Toy Tales (09.07.10)
This week, The Hound made an 1100mile round-trip to
amongst other things, he took in the opening night of
a brand new
animation exhibition at The
Cartoon Museum, in Little Russell Street.
Toy Tales features a collection of production artwork
from some of the UK's most famous animated productions,
centerpiece being a mouthwatering collection of wonders from
SmallFilms stable, and as you can imagine, 'twas a joy to
Visitors are welcomed by an amazing Clangers
set display, with our
pink piping pals presented on their moon, gathered around
Yep. Clangers. And a skyboat. In a real life, just as
they were during
the original production, right before your eyes. And if you
your eyes away from that, there's an equally thrilling display
close by, wherein sits Bagpuss,
the original sagpuss, baggy
and yearning for you give him the very biggest hug.
also some framed setups from Ivor
the Engine that are of equal
and unbridled delight. Their muted colours, painted on board,
immediately transport you to that oh-so-grey, but
imaginary corner of Wales.
© Oliver Postgate and
But although it's these first exhibits that will draw the
comment, The Hound found himself even more dazzled
by the stunning selection of artwork from Noggin
the Nog that follows
on from them. These are pure gold. Great brooding seascapes,
and roiling grey skies suck the viewer in to that weathered
realm. Here are the Nogs on their boat, riding the storm-lashed
seas. And here they are again, in a cave, with their torches
lighting up the dark. The artwork has an internal glow
illuminates the viewer. Oh, why aren't there prints
The exhibition moves on to still more SmallFilms in
the shape of
some behind-the-scenes Pogles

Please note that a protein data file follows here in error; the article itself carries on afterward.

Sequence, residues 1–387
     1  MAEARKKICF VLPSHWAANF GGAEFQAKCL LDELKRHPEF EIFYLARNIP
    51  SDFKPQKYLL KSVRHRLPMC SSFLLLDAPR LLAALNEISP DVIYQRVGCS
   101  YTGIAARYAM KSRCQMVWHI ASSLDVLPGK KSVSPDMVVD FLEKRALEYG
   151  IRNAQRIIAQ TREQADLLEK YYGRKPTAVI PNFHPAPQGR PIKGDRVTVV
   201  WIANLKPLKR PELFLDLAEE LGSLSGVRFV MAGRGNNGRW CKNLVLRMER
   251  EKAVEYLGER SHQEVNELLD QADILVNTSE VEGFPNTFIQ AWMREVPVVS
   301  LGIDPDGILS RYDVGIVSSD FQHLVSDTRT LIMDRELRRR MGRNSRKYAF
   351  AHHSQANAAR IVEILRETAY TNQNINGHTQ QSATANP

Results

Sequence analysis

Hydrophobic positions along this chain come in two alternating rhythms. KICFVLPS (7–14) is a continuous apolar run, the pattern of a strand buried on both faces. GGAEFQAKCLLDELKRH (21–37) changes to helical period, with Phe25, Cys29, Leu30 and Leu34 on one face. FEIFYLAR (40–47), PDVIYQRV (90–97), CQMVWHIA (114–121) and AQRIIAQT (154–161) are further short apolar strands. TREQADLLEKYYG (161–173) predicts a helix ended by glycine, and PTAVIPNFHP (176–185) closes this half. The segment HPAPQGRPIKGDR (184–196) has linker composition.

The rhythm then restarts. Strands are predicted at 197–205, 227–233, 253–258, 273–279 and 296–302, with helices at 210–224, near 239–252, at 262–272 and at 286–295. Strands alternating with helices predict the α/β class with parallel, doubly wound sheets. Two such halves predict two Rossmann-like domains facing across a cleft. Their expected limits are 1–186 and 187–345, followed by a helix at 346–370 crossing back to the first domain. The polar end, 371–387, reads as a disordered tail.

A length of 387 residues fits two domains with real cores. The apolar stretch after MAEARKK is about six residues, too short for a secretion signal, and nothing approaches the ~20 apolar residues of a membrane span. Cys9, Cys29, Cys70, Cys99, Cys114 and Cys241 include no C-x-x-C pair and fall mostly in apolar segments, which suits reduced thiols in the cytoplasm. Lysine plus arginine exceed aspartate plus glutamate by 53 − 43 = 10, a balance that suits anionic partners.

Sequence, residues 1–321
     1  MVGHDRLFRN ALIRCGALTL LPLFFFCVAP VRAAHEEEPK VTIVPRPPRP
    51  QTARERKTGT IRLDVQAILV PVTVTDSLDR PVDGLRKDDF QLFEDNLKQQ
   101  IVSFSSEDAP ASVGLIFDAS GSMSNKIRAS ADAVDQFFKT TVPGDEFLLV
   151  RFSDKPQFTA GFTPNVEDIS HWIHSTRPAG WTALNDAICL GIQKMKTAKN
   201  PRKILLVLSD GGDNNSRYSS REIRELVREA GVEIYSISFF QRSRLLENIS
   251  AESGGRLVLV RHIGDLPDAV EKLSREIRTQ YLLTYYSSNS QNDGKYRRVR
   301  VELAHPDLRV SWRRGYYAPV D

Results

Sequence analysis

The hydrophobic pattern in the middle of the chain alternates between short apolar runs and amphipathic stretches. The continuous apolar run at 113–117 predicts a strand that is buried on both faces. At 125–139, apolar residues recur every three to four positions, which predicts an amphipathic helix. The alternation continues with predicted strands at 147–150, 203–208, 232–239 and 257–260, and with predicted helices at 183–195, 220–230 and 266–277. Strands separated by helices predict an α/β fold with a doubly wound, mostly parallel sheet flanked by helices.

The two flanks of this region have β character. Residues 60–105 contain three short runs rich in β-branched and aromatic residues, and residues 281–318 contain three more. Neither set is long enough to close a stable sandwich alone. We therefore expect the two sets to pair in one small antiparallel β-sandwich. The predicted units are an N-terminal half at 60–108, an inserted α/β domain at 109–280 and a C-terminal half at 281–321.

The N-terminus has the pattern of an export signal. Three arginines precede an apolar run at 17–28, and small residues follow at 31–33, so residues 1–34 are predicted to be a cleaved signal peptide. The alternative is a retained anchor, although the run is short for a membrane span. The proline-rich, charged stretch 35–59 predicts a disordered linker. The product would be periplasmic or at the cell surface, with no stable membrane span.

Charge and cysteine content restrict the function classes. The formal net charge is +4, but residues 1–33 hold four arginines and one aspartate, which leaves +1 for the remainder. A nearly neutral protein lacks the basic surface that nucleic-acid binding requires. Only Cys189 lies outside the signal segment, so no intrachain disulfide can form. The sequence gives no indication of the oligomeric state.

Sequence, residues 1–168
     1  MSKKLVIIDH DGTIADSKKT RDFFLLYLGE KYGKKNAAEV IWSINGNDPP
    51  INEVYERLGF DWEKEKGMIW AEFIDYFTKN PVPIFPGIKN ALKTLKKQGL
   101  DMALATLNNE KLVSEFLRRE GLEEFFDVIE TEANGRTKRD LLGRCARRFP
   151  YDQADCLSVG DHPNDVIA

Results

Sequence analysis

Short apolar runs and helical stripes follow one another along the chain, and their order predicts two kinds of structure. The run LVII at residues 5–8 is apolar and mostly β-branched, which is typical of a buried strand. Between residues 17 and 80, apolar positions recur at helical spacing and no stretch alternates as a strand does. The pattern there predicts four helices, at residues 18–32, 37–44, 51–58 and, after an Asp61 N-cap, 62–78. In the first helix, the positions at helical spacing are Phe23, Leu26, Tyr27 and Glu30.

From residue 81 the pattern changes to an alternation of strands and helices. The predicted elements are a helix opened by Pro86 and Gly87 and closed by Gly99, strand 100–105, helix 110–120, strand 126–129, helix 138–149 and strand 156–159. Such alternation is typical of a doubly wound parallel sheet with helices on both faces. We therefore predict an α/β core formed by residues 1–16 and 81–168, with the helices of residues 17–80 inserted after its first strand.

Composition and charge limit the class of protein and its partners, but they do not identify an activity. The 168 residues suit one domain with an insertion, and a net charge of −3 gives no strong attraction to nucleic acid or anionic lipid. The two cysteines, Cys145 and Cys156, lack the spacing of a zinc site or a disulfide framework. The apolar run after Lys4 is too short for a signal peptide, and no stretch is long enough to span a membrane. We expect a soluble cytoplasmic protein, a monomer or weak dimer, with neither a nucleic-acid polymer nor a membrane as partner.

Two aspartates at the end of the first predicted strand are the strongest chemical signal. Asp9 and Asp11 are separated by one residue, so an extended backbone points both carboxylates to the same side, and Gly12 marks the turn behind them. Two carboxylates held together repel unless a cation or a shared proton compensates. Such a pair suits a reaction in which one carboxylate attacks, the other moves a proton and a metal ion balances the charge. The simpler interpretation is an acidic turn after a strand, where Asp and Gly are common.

photos before allowing other UK
studios and creators to take the stage. Thus we have
wobbling wonderful Roobarb
originals from Bob Godfrey, followed
by some Morph
art, and some Wallace & Gromit prints and comic
art, there are a couple of DangerMouse
cels, items from
The Snowman and Father
Christmas and several cels from
"Famous Fred", Keith Chapman's original character
for Bob the Builder,
and a script-to-film look at Peppa Pig.
and squeezed in amongst all this is a glorious display
containing the indomitable, boom-booming brilliance of an
original Basil Brush
- Well, he-llo!
As for the whole opening night experience, it has to
be said it
was hot, although not altogether in the best of ways.
been in the grip of a relentless, sweltering heatwave
the Museum was stifling. There were cartoonists, animators
hangers-on alike wafting the oxygen-free air with whatever
they had to hand, and The Hound was soon completely overheated.
He was just making a bid for the exit in search of some relief,
the museum founder, Oliver
Preston jumped up on a table right in
in front of him and welcomed the night's most special
No, not me, silly. It was the great Peter Firmin himself.
moments later he was on the same low table, Clanger
in hand, inches away from The Hound as he recounted his
small endeavours in that Kentish barn and how strange it
that he had come
to pass in to the annals of our animation
history. What a sweet sweaty thrill!
Toy Tales, too, is a thrill. It inhabits quite a small
space, but there
are still over 100 items on display. And, yes, you can
that it's highlighting just a few family favourites
whilst omitting great
chunks of our animated history. But who cares? It's
simply a joy to
see this kind of material up close. Plus there are the permanent
gallery delights to savour alongside this temporary
wonderful prints from Hogarth and Gillray, Ronald
Steve Bell, Jak and so many more.
Toy Tales runs at The Cartoon Museum, 35 Little Russell Street,
London WC1A 2HH from 7th July to 5th September 2010. The
museum itself is dedicated to preserving the best of
caricatures, comics and animation, and it's always worth
when you're in town...
The Cartoon Museum